Eng Ndale

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“This is your pen now,” said the soldier, handing a rifle to Ndale Nyengela, who had been kidnapped by an armed group in D.R. Congo at the age of 11. Today, Ndale is 14, free, and a new member of the World’s Children’s Prize jury. “It was an ordinary day. I woke

up at sunrise, washed and put on my school uniform. I picked up my bag with my pen, jotter and ruler, and went out to meet my classmates. There were six of us,


forced to swap his pen for a rifle half walking, half running, because we were a bit late. We took a shortcut on a path through the forest. Suddenly we spotted two armed soldiers among the trees. They shouted for us, and it was too late to run away. ‘Where are you going, boys?’ asked one of the soldiers. He took our schoolbags and emptied them onto the

ground. They also found the money I had with me to pay my school fees and buy beans. It was market day, and my mother had asked me to buy two kilos of brown beans. ‘You understand, boys, that in this country there are not enough soldiers. So now it’s time for you to help out,’ said the other soldier. ‘But we’re on our way to school,’ I said. ‘Listen! If you think you can refuse, we might as well just shoot you right here. Got it?’ he said, smacking our heads with a stick. Ndale was on his way to school when he was kidnapped and forced to become a soldier. After three years he managed to flee. “Now my life has begun again,” he says.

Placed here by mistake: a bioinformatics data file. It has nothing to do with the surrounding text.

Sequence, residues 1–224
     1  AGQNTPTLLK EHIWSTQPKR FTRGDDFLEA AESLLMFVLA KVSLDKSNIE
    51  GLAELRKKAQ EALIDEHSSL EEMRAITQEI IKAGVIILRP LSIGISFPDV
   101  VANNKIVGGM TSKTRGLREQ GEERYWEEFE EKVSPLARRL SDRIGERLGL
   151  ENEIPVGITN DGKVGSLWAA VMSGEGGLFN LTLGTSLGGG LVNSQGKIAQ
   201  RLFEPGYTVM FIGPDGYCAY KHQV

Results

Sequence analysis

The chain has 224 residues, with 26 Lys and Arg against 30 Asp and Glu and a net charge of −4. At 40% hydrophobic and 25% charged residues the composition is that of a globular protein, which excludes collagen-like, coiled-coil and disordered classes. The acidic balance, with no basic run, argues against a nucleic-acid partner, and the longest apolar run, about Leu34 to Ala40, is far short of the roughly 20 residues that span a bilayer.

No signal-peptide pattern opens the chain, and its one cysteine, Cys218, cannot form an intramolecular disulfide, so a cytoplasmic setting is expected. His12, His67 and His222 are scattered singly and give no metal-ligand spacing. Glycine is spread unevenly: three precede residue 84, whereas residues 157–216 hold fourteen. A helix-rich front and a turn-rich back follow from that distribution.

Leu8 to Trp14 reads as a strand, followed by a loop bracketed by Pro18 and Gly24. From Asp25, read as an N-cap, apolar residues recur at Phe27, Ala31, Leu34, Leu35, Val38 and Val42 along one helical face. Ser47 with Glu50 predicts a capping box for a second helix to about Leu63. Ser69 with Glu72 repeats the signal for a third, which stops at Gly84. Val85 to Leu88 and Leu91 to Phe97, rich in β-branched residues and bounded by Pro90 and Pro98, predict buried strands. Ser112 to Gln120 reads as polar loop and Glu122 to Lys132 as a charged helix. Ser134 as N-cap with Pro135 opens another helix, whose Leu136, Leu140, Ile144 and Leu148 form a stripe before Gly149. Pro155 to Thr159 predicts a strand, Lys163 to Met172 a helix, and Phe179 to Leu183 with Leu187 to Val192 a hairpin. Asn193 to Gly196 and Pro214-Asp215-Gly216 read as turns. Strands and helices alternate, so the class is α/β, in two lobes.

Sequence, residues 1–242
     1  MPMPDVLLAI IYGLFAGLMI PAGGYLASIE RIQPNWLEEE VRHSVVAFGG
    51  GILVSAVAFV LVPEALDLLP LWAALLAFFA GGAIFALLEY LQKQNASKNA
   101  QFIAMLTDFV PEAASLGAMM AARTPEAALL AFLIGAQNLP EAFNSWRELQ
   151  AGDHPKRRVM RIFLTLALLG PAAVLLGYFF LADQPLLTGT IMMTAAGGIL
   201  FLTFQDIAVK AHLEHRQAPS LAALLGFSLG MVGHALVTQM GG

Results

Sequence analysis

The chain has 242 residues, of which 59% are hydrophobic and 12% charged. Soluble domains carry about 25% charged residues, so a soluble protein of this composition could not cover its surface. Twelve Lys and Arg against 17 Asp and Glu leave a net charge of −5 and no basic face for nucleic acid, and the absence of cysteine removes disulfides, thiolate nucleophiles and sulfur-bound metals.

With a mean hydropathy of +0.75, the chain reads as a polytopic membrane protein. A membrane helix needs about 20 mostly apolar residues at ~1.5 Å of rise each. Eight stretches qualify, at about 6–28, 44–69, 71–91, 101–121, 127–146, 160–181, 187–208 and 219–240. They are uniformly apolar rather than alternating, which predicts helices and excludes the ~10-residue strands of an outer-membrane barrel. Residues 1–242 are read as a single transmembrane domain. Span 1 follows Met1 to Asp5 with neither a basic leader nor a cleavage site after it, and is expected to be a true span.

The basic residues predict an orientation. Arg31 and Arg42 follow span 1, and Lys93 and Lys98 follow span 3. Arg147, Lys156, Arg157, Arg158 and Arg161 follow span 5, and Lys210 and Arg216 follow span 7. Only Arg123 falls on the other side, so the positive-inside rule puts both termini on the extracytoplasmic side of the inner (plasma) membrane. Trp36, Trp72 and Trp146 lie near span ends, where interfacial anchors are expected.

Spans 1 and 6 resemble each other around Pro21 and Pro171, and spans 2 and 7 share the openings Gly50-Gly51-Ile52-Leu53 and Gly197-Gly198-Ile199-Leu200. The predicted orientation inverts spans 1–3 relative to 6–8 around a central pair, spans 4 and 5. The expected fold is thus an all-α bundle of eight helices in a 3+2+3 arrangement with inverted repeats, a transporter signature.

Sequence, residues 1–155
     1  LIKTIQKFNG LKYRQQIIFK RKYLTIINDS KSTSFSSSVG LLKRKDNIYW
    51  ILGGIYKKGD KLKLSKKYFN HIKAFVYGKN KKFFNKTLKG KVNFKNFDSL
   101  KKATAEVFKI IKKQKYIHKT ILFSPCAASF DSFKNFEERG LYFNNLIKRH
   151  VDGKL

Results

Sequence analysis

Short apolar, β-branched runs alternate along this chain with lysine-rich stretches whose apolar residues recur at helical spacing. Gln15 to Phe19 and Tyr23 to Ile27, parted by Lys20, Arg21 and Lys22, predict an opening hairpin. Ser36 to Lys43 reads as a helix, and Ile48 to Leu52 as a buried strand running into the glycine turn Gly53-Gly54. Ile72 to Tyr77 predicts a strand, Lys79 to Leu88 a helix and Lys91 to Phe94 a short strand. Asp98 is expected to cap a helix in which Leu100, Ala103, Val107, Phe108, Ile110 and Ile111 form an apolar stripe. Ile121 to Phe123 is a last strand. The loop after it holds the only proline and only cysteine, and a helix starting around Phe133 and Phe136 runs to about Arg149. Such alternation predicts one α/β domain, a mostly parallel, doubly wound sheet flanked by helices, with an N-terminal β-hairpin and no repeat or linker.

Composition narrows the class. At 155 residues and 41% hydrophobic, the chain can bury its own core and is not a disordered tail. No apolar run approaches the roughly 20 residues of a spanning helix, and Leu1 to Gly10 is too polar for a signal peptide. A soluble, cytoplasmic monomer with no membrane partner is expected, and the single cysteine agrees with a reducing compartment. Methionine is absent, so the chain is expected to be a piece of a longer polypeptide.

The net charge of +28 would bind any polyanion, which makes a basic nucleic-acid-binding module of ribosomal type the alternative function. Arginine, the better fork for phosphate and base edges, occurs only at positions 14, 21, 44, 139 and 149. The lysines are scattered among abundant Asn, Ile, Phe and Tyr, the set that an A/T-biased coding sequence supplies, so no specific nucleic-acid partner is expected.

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I was terrified, and I thought God must have forgotten about me. Otherwise why would I have ended up in this mess? I thought about my mother and father and my siblings.” Nightmare was real

“We walked for three days without eating or sleeping. We weren’t allowed to talk to one other. When we walked too slowly they kicked us and shouted all sorts of things. I was so tired. One evening they burned our school uniforms. The whole thing was like a nightmare. But it was real. After three days we reached their camp. When I saw all the soldiers and the terrible huts they lived in, made of branches and sheets of plastic, I thought: ‘This is the end of my life.

“Yes to school, no more military camps”, says one of the placards. With the organisation, BVES Ndale and other freed child soldiers receive help working through their terrible experiences and get to start going to school again. But first they have to take off their uniforms.

I’m a schoolchild, what am I meant to do among all these weapons?’ One of the soldiers gave us uniforms and weapons. ‘This is your pen now,’ he said, passing me a rifle. The uniform was much too big for me, but a woman cut off the sleeves and legs. There were other child soldiers in the camp. They asked me if we had any money. But we didn’t. The next day, we started rifle training. The whole time I was thinking: ‘I don’t want to learn to shoot. I’m a schoolchild!’ Once we knew how to handle our weapons, they said now it was time to learn to kill people. ‘That tree there is a person. Make sure you hit the heart!’”